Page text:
by James Andrew Miller & Tom Shales
James Andrew Miller & Tom Shales didn’t invent the oral history, but they sure as hell have perfected it as an art form. If you like oral histories or you like Saturday Night Live, this is a must read. Miller and Shales have now published two fantastic oral histories together: Live From New York & Those Guys Have All the Fun (an oral history of ESPN). Miller recently published his third oral history last August, this time a solo project called Powerhouse, which is an look into Hollywood’s Creative Artists Agency. I have yet to read Powerhouse, but you can be sure that it’s on my list to read.
“Vanity is the Death of Comedy.”
“You’re only working with if you count the money at the end of the night. Otherwise you’re working for.”
“It’s a choice: Either you try to make it look easy or you emphasize how hard it is.”
“You can’t tell nobody what they don’t know—not even that they don’t know it.”
“Keith Richards I remember. There was a horse backstage that week, and I was in my dressing area and I saw Keith Richards go up, hold the horse’s face in his hands, and go, “You’re a fine horse, aren’t you?” I’ll never forget that.”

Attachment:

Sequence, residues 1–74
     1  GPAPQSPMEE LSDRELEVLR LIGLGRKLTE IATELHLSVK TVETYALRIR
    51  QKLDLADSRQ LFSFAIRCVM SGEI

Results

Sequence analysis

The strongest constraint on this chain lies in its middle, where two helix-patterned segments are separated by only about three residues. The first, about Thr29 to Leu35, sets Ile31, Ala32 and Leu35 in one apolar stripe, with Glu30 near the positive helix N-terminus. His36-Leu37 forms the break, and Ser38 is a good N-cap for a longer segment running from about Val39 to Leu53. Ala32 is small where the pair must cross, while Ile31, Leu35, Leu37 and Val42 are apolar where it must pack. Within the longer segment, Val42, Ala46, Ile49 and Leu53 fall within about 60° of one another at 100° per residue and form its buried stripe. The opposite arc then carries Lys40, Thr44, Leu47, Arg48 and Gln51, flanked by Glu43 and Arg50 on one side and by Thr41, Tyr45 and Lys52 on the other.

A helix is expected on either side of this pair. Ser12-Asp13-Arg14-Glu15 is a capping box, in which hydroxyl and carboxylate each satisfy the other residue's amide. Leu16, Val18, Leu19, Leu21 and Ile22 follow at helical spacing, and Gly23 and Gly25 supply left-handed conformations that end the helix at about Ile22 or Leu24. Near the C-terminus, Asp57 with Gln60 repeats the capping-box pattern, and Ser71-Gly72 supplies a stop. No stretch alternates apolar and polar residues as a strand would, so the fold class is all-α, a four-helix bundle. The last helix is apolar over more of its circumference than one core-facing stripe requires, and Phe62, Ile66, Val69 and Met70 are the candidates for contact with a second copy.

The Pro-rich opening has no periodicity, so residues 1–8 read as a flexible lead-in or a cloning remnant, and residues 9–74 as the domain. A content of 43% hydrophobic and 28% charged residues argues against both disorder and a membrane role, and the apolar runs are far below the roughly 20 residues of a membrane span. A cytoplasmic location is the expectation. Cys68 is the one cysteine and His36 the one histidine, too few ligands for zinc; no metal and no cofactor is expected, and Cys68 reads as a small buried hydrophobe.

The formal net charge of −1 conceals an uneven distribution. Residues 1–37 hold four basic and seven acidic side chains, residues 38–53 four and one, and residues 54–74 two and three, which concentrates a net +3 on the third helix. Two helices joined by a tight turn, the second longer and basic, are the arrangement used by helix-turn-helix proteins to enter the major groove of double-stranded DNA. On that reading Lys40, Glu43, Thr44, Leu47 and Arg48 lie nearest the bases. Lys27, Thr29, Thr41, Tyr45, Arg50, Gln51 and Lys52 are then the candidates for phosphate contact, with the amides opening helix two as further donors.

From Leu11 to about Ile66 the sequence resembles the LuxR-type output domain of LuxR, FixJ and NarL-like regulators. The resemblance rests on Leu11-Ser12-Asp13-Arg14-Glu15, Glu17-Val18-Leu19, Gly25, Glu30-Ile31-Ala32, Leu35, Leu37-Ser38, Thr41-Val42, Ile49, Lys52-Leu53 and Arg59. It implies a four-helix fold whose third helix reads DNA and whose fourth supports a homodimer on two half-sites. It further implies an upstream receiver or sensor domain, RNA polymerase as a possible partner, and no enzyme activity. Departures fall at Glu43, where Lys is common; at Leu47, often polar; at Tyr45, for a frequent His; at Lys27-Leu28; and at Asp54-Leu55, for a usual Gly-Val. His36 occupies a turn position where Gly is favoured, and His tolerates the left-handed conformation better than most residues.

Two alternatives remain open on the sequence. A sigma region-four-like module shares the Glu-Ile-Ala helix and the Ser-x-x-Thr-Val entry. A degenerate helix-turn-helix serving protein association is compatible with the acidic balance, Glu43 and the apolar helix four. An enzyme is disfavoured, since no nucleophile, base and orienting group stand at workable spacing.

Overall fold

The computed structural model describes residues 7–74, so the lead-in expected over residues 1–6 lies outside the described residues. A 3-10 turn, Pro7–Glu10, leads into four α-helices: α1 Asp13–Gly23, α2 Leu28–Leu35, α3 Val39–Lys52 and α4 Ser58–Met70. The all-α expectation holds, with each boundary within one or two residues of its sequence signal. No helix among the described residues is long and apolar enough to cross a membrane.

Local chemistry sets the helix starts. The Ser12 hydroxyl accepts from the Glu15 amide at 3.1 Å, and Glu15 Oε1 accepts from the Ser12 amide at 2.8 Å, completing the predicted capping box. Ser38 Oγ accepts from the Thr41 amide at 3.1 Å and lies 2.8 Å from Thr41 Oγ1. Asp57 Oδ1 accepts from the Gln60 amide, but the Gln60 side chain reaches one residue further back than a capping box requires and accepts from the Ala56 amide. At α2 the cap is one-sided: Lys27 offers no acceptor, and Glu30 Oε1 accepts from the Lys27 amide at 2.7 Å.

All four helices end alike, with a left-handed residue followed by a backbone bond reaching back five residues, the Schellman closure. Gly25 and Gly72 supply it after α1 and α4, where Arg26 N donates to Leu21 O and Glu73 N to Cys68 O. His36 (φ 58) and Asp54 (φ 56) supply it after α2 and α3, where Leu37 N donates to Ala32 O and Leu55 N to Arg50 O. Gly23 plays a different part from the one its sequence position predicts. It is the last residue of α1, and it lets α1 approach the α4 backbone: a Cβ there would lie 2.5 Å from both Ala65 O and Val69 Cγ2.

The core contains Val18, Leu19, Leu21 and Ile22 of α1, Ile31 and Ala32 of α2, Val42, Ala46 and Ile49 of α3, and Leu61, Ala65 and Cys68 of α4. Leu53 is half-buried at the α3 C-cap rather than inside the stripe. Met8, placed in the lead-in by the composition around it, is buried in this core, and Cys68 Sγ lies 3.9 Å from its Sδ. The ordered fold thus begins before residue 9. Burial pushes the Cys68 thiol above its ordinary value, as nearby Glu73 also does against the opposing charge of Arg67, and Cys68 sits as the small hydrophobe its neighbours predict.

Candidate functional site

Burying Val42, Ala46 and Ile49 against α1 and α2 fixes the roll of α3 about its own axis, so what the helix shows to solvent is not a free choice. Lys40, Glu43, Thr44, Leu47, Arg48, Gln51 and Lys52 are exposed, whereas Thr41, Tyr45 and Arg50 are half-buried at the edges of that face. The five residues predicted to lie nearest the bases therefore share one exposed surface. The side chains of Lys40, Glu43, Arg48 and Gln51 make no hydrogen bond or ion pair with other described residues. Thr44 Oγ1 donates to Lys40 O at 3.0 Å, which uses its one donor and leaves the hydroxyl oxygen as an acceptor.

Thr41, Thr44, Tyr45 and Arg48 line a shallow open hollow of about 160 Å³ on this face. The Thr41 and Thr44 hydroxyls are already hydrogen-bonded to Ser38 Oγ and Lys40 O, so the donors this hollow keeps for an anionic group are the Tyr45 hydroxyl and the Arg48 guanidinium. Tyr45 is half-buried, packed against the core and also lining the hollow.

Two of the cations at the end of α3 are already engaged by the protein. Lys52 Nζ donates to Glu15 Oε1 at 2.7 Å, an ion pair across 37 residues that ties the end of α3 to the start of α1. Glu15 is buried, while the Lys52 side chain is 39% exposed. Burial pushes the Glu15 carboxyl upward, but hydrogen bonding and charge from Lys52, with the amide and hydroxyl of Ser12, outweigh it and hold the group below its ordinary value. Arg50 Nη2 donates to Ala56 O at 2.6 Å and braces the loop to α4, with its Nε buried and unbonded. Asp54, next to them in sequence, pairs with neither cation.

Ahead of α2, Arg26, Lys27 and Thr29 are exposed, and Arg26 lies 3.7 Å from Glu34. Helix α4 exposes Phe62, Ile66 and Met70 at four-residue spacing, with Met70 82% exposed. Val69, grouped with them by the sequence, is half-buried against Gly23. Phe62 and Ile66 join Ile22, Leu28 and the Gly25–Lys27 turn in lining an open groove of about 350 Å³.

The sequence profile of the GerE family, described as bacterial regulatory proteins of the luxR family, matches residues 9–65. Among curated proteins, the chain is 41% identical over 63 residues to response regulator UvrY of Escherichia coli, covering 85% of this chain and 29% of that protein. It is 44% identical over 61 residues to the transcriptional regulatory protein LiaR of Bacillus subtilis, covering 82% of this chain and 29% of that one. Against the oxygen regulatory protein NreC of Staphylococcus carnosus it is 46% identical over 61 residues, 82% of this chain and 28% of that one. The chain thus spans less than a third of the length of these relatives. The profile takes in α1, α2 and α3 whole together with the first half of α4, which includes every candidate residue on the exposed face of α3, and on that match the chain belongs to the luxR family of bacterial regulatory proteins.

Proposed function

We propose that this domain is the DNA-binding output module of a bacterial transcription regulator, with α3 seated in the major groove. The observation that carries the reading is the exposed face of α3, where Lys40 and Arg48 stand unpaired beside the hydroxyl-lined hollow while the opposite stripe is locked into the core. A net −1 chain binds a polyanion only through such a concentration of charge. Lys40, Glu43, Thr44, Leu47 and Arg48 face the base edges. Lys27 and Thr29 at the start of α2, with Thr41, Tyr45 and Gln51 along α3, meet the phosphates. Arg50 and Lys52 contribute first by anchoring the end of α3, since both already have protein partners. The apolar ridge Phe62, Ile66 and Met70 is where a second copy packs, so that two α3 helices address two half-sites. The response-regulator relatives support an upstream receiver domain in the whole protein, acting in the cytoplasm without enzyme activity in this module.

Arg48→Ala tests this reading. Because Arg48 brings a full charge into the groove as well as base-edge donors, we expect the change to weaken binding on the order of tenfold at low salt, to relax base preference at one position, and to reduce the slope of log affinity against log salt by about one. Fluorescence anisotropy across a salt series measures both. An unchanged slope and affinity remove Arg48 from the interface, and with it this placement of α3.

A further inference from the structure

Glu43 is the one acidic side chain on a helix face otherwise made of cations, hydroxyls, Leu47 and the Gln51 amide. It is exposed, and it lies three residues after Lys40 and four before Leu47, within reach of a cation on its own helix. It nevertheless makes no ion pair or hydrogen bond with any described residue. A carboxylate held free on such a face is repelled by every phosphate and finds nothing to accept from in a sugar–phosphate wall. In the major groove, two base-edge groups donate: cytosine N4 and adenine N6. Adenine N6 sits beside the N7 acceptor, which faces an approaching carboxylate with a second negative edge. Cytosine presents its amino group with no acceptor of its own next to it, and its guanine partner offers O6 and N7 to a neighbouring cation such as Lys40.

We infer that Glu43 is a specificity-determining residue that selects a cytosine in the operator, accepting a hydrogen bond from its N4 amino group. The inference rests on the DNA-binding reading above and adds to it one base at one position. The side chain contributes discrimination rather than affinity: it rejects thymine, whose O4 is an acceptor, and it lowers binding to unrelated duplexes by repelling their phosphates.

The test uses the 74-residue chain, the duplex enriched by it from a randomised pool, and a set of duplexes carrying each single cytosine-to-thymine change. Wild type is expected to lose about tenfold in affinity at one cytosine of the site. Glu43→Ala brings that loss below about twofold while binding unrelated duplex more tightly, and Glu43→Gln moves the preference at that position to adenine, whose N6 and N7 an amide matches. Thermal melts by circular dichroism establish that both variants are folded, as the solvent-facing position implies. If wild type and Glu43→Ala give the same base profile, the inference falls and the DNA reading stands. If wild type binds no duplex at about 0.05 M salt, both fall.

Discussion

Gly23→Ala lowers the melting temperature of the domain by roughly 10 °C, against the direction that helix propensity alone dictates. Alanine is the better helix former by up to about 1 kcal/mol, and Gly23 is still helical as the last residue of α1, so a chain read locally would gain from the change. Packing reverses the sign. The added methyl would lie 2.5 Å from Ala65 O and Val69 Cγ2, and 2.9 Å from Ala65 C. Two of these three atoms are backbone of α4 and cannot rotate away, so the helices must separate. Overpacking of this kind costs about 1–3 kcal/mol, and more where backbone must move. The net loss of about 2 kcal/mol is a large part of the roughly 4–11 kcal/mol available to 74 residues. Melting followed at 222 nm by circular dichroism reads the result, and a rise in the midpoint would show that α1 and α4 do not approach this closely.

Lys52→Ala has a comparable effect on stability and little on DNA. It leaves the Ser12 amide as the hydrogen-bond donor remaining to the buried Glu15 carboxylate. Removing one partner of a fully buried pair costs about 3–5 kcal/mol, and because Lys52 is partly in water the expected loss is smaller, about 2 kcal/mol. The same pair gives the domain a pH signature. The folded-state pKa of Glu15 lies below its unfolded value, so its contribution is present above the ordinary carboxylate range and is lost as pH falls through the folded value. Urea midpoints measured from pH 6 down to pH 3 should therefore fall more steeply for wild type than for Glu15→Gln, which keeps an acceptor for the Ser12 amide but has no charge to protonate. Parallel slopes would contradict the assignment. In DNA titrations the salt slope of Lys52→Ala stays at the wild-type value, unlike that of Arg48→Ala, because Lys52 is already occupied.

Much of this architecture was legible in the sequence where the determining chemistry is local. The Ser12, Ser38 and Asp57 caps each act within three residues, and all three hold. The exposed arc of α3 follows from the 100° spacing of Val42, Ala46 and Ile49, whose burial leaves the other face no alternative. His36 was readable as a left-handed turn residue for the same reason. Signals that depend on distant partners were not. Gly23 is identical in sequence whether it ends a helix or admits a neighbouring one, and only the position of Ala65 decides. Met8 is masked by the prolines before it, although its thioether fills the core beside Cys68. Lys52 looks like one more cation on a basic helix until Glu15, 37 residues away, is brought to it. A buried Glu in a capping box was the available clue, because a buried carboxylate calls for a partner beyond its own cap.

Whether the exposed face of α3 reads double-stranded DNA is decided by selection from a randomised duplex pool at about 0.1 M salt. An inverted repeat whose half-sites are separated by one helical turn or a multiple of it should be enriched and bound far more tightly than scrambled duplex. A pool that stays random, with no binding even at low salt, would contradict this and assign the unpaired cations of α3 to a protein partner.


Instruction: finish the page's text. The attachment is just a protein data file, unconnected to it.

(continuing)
“TRACY MORGAN: You know when I first saw Lorne Michaels? I was working at Yankee Stadium, before I got into show business. It’s where I met my wife fourteen years ago. I used to see Lorne Michaels go in Gate 4 every day. I was selling T-shirts and all that. I was a vendor at Yankee Stadium. Now look where I’m at. It was so ironic that I met Lorne Michaels like that. And now years later, he’s my boss and I’m working on his show. I didn’t know him. I was a kid from the ghetto, trying to make a dollar out of fifteen cents.”
“I’m a good self-starter when it comes to guilt.”
“Meanwhile, NBC brass were consumed with nervousness about the content of the show—about giving ninety minutes of network time a week to Lorne Michaels and his left-wing loonies. On the first show, with sometimes-racy comic George Carlin hosting, the network planned to use a six-second delay so that anything unexpected and obscene could be edited out by an observer from the Department of Standards and Practices (the censor), who would theoretically flip a switch in the control room and bleep the offending material before it went out naked onto the American airwaves. Over the coming months and years, various hosts or musical acts would make NBC executives more nervous than usual, and the notion of making the show not quite precisely literally live kept coming up.”
“It’s easier and more profitable to keep selling outrage than build any bridges.”
Sticky Books are those that you just can’t get out of your head. They stick with you long after you have put the book down and have moved on to something else. These are some of my Sticky Books. I don’t enjoy reviewing books myself. I find I am either full of far too much praise for the book because I know how difficult it can be to write a book, or I am far too negative about a book because, well, I guess I was just in a bad mood. So instead of reviews, I have pulled some of my favorite quotes from each Sticky Book.
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